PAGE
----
With cleaning, is there a way to get a chain and drive train completely clean? I haven't found a way. The cleanest I can get it is applying degreaser, brushing the chain, and rinsing with a bottle of water to spray forcefully on each link to push out dirt and old lube.

  9. #9
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    Quote Originally Posted by reggieray View Post
    Thanks.

    I'm taking this bike in on Monday to have all the parts mentioned replaced.

    I use Purple Extreme lubrication.
    Not so fast, odds are the cassette is OK, read my correction post above.

    Oh, and your chain lube is most definitely failing you half way through, (the noise change) and costing you chain life.
    FB
    Chain-L site

    An ounce of diagnosis is worth a pound of cure.

    “Never argue with an idiot. He will only bring you down to his level and beat you with experience.”, George Carlin

    “One accurate measurement is worth a thousand expert opinions” - Adm Grace Murray Hopper - USN

    WARNING, I'm from New York. Thin skinned people should maintain safe distance.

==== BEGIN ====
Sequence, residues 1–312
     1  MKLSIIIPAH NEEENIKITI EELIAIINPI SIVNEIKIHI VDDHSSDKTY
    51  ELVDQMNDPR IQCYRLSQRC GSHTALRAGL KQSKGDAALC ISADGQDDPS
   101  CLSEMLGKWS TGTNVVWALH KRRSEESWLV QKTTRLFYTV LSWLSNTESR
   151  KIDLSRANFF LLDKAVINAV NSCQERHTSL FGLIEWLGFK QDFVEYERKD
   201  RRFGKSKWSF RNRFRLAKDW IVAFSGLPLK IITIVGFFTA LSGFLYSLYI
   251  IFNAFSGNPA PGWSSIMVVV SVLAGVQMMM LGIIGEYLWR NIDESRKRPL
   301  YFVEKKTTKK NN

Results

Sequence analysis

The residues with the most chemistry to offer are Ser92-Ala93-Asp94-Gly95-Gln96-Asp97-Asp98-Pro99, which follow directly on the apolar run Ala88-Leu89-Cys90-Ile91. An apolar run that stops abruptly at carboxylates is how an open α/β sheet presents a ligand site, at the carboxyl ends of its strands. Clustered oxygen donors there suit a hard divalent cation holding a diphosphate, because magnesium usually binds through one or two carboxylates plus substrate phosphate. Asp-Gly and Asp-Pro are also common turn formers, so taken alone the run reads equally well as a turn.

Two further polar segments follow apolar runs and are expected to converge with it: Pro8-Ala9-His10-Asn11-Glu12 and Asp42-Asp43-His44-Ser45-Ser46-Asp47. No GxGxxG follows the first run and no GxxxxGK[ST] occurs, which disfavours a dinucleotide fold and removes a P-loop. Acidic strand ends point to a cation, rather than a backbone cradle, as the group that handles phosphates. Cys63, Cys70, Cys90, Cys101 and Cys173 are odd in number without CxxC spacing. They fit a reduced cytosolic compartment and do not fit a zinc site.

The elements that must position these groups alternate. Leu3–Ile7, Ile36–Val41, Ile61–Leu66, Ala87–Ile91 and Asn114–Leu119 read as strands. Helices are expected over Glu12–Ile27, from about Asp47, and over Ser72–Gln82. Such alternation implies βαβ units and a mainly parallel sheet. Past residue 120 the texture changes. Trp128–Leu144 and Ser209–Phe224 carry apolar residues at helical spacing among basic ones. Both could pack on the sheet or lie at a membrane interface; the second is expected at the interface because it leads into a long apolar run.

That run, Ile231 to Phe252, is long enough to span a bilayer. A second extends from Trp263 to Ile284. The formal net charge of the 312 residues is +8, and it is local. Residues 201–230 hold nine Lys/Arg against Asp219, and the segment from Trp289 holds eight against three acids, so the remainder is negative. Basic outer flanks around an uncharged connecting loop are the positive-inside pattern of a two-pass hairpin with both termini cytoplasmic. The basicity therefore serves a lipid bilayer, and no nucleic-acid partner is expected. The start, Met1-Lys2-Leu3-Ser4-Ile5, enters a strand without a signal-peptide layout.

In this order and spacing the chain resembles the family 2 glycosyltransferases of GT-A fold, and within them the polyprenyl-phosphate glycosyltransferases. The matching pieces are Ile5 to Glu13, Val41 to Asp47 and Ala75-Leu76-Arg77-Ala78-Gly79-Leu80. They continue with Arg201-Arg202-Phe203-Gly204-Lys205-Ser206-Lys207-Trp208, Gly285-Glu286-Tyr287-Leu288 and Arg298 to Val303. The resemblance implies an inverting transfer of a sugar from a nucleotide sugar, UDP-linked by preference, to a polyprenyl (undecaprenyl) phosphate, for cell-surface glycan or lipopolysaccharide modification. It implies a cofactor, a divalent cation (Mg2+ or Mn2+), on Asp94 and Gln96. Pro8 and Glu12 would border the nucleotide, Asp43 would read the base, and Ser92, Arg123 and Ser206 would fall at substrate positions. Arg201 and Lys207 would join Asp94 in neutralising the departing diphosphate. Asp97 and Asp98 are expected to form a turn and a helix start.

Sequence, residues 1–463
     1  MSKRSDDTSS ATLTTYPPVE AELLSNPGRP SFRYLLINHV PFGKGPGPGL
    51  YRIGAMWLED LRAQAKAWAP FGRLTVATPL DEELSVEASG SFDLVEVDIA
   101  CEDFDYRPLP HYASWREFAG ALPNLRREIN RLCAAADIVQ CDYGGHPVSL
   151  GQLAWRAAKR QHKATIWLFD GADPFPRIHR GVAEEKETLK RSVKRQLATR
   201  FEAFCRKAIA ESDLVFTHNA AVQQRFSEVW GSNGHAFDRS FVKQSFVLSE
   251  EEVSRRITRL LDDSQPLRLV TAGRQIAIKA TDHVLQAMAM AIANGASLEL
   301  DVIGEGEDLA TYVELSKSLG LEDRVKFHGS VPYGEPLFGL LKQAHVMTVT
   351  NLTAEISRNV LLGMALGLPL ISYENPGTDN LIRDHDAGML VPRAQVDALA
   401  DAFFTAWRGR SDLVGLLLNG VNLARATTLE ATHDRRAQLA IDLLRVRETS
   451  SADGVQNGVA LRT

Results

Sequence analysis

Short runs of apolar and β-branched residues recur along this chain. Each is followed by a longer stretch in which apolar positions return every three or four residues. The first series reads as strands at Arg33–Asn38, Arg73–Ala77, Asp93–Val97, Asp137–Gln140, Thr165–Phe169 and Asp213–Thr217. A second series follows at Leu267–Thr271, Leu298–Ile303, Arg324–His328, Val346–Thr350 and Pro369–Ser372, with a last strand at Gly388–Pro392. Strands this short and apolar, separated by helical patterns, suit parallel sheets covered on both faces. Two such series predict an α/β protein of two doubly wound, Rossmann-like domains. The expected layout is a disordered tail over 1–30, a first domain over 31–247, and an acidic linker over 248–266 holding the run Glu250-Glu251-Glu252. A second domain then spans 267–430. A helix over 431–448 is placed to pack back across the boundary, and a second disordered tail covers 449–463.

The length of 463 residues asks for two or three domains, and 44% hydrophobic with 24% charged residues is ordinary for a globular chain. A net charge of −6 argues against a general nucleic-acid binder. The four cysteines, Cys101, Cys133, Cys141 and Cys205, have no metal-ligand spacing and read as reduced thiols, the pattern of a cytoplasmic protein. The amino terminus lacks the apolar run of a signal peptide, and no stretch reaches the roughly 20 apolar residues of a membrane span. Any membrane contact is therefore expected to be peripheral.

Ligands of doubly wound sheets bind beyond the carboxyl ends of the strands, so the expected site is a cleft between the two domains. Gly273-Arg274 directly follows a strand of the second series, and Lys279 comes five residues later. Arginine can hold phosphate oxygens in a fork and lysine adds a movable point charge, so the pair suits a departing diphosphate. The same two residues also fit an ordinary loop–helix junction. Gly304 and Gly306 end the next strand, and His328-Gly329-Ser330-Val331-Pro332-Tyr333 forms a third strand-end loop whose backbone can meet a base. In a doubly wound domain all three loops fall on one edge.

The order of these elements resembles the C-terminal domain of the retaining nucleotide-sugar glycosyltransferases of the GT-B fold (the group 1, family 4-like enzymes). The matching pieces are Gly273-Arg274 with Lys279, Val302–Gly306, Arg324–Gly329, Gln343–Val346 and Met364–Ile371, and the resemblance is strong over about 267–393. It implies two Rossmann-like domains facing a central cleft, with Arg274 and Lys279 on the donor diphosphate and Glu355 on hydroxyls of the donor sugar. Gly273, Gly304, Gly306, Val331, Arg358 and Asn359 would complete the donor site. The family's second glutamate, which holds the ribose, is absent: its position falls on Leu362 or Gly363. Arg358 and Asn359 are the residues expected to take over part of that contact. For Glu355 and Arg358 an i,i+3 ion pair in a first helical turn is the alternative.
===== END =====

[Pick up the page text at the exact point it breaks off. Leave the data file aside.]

10. #10
    Quirky Grifter LesterOfPuppets's Avatar
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    I replace chains at 3/32" Try measuring again. With only 2700 miles on it, there's a good chance you still have another 1000 miles left in your chain. (edit: Oh, I forgot about the noise issue - If the expense isn't a burden, I'd swap chains just for the hell of it.)

    Quote Originally Posted by reggieray View Post
    With cleaning, is there a way to get a chain and drive train completely clean? I haven't found a way. The cleanest I can get it is applying degreaser, brushing the chain, and rinsing with a bottle of water to spray forcefully on each link to push out dirt and old lube.
    Spray from a water bottle is doing you no good. Degreaser + hose with a nozzle or pressure washer (take care not to spray towards BB or hub bearings). Repeat as needed. Allow to dry thoroughly. Lube.